Head Trauma and the Connection to Leaky Gut
Well, my goal was to make it one year without missing a monthly blog, and then there was June... I hate to make excuses, but I have a really good one, actually 12 good ones. Both of our mama pigs gave birth and I am now the proud farmer grama of 12 beautiful, healthy little piglets! It has increased my workload on the farm a bit, but I love it and honestly get caught up sitting out there giving piggy belly rubs instead of writing my monthly articles. I bring this up, because it is actually a pathetic excuse to show off yet another photo of my pigs.
I mean, come on. Could you get any work done with little piggy kisses like that going on right outside your window?
All baby crazy farmer nonsense aside, I apologize for leaving you guys hanging for a month, however, I think it was worth the wait. This next article was actually given to me by a friend a few years ago. Although this research isn't super new (published in 2009 - see link below) it is still poorly understood and definitely not a common topic around the water cooler.
Researchers from the University of California - San Diego found a huge increase (80 points) in gut permeability following traumatic brain injury (TBI) in mice within six hours of injury compared to mice in sham groups. This study focused on the proteins found in the tight junctions of the intestinal cells. In good health, these tight junctions regulate the flow of fluids from the intestines and into the extracellular fluid/bloodstream; thus keeping us adequately hydrated and allowing nutrients from dissolved food to get where they need to go in the body. They also prevent solutes that are too large/undigested from getting out. If stuff starts getting out of these junctions when it isn't supposed to we get leaky gut syndrome and dysfunctional tight junction protein has also been noted in biopsy of intestinal tissues in patients with active Crohn's disease.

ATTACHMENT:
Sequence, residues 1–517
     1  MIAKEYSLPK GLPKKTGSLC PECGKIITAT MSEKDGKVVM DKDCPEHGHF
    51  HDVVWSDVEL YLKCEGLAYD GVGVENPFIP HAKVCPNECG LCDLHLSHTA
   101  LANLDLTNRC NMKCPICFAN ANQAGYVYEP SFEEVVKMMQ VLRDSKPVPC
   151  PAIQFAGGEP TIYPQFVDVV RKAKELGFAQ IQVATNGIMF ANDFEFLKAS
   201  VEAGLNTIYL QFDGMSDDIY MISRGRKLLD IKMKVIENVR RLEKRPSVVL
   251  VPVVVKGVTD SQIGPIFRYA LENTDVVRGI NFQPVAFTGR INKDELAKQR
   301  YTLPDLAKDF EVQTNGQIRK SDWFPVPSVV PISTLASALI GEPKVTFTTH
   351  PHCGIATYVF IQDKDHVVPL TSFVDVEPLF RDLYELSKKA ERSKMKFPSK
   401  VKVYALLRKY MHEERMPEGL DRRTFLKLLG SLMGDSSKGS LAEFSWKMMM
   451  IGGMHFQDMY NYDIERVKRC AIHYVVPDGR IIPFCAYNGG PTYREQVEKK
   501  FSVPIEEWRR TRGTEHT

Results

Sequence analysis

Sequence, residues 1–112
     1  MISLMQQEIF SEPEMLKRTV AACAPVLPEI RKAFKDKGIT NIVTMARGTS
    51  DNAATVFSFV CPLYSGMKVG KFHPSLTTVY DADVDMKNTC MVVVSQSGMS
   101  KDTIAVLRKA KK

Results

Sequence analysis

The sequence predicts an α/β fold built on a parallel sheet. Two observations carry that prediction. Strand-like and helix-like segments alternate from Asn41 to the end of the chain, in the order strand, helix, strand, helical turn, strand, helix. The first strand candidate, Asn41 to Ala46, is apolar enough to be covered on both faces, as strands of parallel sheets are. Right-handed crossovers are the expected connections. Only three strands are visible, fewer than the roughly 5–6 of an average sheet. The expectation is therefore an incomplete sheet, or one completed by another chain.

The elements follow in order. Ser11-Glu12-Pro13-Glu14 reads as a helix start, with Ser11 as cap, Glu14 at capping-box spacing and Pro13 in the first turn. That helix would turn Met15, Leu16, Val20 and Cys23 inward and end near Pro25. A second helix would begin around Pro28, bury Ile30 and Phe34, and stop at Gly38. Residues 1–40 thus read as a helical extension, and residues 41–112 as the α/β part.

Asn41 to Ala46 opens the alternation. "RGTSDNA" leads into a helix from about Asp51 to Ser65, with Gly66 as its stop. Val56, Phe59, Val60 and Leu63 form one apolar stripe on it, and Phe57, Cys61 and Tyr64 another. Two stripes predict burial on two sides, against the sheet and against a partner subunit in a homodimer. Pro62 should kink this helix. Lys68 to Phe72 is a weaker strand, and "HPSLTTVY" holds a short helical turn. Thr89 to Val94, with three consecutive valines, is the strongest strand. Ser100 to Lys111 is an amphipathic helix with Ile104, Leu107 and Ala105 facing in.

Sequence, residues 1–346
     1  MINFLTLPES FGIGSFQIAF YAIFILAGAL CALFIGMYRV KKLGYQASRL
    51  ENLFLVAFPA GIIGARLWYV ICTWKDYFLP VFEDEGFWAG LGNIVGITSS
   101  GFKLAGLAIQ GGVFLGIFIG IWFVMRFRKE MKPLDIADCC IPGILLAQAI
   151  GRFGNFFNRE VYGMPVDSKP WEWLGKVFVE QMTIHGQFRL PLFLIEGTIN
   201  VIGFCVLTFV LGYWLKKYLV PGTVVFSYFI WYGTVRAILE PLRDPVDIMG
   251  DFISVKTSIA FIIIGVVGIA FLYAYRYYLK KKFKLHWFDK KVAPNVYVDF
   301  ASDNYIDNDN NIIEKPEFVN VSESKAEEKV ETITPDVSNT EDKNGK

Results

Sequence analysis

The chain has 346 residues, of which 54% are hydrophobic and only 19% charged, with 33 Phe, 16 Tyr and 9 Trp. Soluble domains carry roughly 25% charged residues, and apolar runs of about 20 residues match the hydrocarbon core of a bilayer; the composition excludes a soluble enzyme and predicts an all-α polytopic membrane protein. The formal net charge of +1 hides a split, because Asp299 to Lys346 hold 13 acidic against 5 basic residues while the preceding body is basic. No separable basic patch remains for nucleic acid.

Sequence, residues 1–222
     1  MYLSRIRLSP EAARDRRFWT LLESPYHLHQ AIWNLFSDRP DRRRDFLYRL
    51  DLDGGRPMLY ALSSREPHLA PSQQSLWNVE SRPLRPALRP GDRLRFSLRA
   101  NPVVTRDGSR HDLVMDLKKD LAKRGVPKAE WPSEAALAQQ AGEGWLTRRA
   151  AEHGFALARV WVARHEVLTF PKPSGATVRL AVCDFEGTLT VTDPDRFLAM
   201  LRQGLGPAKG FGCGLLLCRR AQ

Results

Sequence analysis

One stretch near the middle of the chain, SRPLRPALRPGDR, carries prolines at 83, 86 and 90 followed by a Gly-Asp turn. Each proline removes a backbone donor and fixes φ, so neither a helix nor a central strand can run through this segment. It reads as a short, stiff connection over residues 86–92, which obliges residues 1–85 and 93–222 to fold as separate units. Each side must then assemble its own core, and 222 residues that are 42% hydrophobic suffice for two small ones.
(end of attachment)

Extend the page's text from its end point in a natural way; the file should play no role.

This research shows that the gut-brain connection is very complex and closely intertwined. Many patients with digestive issues may be missing a critical step to better health if they don't treat the brain tissues while they work on altering their diet and improving their gut flora. It is also very important for people who have had a brain injury to take care of their tummies in hopes of preventing the sequela of tight junction dysfunction after TBI.
There is so much we don't understand about our bodies but this article helps show that it is definitely all connected.
Take home message: wear a helmet! But maybe upgrade from the watermelon version in the picture above ;-)
Article Link: https://www.ncbi.nlm.nih.gov/pmc/articles/PMC2989839/
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